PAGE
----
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Archive for the ‘Robert C. Martin’ Category

Summarized from

The code written should satisfy the following criteria:
1. The code must work consistently and satisfy the requirement of the client
2. The code must solve the problem set for by the customer. Many times customer’s requirements do not solve the customer’s problem. It is upto the programmer to negotiate with the customer and ensure that the problem is solved.
3. The code must fit into the existing system without destabilizing or making it fragile or opaque.
4. The code must be readable by other programmers.

The author says “Coding is an intellectually challenging and exhausting activity.”. So one should be in a state of preparedness before writing the code. Some suggestions that the author provide are as below:
1. Do not write code at 3AM especially after having already worked for 18 hours and having put in 60 – 70 hour week.
2. Do not write when some personal matter is bothering you. Try and resolve that matter before coding.

The Flow Zone
Some programmers feel that they get into a hyper productive zone known as the “flow”. They do not stop programming as long as they feel they are in this state. The author suggests that it is not a very good state to be in for long. This zone is not infallible and not necessarily productive. Step away from this state and write code when you are more under control.
Listening to music while coding may actually be a distraction, depending on your disposition. The author found himself writing lyrics from the songs he was listening to when coding in the code comments.
Be prepared for interruptions when coding. It is important to attend to the needs of the others too. Keep a time period when you do not wish to be disturbed, while at the same time providing time for others to disturb you. Author also suggests getting into pair programming so that one of the pair can maintain the thread while the other answers to the interruption.

Writer’s Block
There will be times when one will just not be able to code. The author suggests adopting pair programming strategy will help melt the block.
Do things that brings the creativity in you. This will depend from person to person.

Write code such that you do not have to debug the program. This is the best form of coding. The author suggests adopting Test Driven Development will help reducing the time spent in debugging.

Pacing YourselfThe author suggests that coding is not a 100 metre dash, but a marathon and so it is important to pace oneself. One needs to ensure that one needs to conserve ones energy so that one does not end up hurting oneself.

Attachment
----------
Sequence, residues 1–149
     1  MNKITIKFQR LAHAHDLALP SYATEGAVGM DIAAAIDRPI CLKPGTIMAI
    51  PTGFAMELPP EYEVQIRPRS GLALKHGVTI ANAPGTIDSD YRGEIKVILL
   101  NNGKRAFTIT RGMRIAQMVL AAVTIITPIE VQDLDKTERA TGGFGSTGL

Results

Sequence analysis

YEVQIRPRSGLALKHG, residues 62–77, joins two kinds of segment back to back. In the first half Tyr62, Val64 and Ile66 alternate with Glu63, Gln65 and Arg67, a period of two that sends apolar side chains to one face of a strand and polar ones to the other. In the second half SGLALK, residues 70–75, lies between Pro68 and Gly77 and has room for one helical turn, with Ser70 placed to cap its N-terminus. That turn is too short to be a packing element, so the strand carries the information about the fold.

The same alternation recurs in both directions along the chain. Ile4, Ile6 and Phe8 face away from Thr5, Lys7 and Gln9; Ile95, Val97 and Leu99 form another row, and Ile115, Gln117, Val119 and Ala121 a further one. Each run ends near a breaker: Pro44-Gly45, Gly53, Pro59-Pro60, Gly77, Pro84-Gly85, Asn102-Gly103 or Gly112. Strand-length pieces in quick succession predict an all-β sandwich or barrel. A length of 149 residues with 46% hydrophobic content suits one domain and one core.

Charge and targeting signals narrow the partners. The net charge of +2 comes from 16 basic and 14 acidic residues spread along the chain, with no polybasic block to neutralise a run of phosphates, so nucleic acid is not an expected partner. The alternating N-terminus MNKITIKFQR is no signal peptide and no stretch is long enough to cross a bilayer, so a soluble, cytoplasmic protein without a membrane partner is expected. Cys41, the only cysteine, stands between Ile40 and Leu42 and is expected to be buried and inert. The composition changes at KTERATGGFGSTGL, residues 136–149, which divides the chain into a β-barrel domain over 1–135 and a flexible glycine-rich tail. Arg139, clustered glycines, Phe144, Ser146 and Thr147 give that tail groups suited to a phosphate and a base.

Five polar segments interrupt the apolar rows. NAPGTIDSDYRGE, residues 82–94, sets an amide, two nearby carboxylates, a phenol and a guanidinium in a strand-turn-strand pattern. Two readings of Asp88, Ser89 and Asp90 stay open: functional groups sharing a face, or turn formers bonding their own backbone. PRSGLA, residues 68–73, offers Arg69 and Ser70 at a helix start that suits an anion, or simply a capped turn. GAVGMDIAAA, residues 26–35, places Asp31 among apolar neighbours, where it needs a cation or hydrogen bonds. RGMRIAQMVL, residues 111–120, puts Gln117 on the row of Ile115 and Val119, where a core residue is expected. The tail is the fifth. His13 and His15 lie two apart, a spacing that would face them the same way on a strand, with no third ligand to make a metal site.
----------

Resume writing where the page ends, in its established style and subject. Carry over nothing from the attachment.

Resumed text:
The author says “Can’t go home till you solve this problem? Oh yes you can, and you probably should! Creativity and intelligence are fleeting states of mind. When you are tired, they go away. If you then pound your nonfunctioning brain for hour after late-night hour trying to solve a problem, you’ll simply make yourself more tired and reduce the chance that the shower, or the car, will help you solve the problem”

Being LateThe author says it is difficult to avoid being late. He suggests that what is bad is to keep the stakeholders in the dark about the delay. The earlier they are briefed about the delay, the better they will be able to be prepared for the final outcome.
The author suggests do not give hope that the thing would be finished when it is known that it will not be. Do not hesitate to say “No it cannot be done”. There is no point in saying “I will try” and give the stakeholder a feeling of safety which you are not confident about. Do not say “I will try” unless the stakeholder has a backup plan.
What if your manager sits you down and asks you to try to make the deadline? What if your manager insists that you “do what it takes”? Hold to your estimates! Your original estimates are more accurate than any changes you make while your boss is confronting you. Tell your boss that you’ve already considered the options (because you have) and that the only way to improve the schedule is to reduce scope. Do not be tempted to rush. If you try to rush you will end up taking shortcuts which will lead you to a destination other than where you wish to be.
Avoid overtime. Overtime for a short time may be OK. But continuous overtime does not help anybody. It is as bad as a rush job.
Do not say something is done before it is actually done. Define “done” when you say “done”.

Do not hesitate to ask for help. Do not hesitate go give help. Do not hesitate to accept help.
Mentor: Mentor the juniors so that they become better programmers.

The book is about how to be a “Software Professional” and not just an “engineer”.